Construction has begun on a new accessible walkway/bridge and landscaping initiative designed by wHY Architecture for the Worcester Art Museum in Massachusetts. The museum was originally designed by architect Stephen C. Earle and opened in 1898. The new structure, which is being fabricated off-site, is approximately 50 feet long and consists of a concrete slab on steel. Bronze used in the bridge’s siding, guardrails, and handrails creates a visual parallel with the neoclassical building’s columns, and matches the existing metals used on the museum’s façade and interior. The slab itself incorporates LED lighting embedded in the walking surface. To make the museum accessible year-round, the slab contains wiring for radiant heat to melt snow. The project is expected to be completed in Spring 2015.
This Just In
The Solomon R. Guggenheim Foundation launched an online gallery featuring the submissions – all 1,715 of them – for Stage One of the Guggenheim Helsinki Design Competition.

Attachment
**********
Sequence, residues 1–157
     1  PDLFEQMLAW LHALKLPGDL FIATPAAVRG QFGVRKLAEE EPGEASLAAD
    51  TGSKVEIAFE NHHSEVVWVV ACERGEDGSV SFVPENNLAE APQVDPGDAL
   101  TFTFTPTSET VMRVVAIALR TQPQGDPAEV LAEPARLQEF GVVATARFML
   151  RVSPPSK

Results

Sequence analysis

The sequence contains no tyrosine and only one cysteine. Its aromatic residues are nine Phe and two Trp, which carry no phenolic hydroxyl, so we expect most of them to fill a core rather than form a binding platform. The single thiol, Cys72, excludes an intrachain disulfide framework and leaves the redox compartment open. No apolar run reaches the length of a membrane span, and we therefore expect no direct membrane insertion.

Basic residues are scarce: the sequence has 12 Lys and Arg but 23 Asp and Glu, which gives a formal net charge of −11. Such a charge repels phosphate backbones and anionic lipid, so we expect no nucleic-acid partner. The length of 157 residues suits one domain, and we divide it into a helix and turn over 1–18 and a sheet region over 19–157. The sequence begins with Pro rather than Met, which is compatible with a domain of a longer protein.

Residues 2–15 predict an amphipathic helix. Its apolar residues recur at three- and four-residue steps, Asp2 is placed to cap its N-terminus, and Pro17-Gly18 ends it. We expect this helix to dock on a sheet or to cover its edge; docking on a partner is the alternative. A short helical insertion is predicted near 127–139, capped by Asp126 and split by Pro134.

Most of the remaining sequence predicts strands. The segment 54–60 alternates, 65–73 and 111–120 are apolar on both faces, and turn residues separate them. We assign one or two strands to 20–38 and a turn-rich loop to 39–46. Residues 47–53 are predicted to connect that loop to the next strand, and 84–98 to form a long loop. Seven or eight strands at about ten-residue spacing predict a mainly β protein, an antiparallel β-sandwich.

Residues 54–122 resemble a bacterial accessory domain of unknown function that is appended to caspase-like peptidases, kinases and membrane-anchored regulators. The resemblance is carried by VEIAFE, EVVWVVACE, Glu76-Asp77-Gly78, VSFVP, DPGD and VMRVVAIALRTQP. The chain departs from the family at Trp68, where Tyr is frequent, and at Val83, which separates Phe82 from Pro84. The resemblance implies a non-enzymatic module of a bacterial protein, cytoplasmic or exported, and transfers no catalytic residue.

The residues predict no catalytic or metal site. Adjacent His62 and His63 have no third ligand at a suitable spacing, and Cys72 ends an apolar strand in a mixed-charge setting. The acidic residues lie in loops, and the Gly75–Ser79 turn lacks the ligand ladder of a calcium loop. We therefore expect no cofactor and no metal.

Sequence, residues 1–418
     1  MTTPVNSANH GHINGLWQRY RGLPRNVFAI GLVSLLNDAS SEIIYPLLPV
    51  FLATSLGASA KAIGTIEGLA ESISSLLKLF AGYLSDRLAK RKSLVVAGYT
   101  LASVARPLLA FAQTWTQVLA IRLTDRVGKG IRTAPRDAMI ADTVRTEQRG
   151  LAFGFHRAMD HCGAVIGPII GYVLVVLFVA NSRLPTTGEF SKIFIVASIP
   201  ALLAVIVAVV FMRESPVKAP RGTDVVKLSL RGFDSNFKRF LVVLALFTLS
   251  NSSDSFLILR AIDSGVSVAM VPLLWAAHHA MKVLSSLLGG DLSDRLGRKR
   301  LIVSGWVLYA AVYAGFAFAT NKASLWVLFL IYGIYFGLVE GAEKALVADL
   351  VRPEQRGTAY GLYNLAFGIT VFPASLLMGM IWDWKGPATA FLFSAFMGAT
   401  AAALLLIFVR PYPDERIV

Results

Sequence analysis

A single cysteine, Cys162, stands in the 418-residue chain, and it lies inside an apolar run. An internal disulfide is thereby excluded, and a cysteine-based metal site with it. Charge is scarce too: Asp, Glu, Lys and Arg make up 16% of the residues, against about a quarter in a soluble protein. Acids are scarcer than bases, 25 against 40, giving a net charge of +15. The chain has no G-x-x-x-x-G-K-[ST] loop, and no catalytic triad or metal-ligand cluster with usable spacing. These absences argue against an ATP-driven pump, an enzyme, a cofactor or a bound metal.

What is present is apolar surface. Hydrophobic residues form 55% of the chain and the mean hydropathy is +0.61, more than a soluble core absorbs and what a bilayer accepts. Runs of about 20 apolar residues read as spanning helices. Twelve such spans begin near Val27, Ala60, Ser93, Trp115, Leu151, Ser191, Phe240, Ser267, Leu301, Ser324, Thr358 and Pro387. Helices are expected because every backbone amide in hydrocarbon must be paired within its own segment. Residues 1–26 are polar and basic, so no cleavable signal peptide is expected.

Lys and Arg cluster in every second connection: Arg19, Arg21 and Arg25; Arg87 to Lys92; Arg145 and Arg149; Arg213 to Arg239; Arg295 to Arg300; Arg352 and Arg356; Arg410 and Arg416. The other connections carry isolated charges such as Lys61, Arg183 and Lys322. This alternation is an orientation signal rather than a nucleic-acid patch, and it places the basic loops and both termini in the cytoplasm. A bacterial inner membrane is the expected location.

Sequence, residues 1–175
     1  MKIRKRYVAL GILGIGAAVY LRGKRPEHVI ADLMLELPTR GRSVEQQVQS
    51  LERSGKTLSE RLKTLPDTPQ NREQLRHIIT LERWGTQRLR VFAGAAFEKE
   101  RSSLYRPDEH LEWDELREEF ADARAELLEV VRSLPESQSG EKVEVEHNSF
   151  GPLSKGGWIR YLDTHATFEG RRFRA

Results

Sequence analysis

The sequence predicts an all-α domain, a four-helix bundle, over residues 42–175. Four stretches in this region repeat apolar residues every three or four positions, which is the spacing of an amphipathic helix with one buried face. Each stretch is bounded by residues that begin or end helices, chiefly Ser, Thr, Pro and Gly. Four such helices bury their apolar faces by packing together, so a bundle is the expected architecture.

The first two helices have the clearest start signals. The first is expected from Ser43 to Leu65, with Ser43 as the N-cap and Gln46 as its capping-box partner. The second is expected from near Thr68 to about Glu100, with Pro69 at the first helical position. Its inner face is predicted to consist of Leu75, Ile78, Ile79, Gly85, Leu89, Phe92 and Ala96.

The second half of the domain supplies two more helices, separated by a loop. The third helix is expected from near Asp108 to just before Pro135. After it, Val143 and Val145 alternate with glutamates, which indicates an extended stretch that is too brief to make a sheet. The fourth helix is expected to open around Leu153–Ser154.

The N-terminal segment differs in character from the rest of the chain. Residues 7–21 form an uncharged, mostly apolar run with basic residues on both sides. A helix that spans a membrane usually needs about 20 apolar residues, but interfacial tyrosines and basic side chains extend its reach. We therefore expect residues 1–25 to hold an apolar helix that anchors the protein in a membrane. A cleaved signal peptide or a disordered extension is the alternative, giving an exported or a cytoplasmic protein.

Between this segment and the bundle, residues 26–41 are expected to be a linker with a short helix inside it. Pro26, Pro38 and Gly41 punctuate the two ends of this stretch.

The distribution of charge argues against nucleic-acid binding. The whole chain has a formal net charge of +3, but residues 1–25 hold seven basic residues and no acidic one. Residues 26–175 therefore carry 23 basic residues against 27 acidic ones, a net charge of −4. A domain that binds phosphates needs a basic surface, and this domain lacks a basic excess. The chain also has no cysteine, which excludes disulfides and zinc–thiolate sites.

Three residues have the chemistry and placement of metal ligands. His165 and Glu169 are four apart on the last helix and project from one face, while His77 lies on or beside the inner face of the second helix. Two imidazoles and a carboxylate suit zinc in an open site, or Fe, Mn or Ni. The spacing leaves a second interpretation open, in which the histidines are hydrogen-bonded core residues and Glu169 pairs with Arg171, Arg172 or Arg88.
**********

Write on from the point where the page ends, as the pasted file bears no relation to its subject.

Kean University in Union, NJ, announced the newly established Michael Graves School of Architecture as an integral event that celebrates the 50th anniversary of the Princeton-based firm Michael Graves Architecture & Design. The school will be housed in the Green Lane Academic Building, designed by Springfield, NJ-based Gruskin Group that opened in early 2014 on Kean’s Union Township campus. There will also be a building designed by Graves for the architecture school on Kean’s Wenzhou, China, campus.
HWKN and Handel Architects celebrated the groundbreaking of Journal Squared, a three-tower, mixed-use development adjacent to the Journal Square PATH Station that is expected to fuel the revitalization of the Jersey City’s transportation hub.
The Municipal Art Society of New York (MAS) and Regional Plan Association (RPA) recently unveiled the first comprehensive report on the leading options for the future of Madison Square Garden.
ROGERS PARTNERS Architects+Urban Designers and Berkeley, CA-based PWP Landscape Architecture announced that their redesign of Constitution Gardens on the National Mall received unanimous approval from the U.S. Commission of Fine Arts and the National Capital Planning Commission (NCPC). Approval from both agencies is required for the design to move forward to the first phase of the project. The client is the National Park Service in partnership with the Trust for the National Mall.
Lincoln Center now has 36 solar panels on the roof of the Rose Building on West 65th Street as part of their campaign to green up their campus.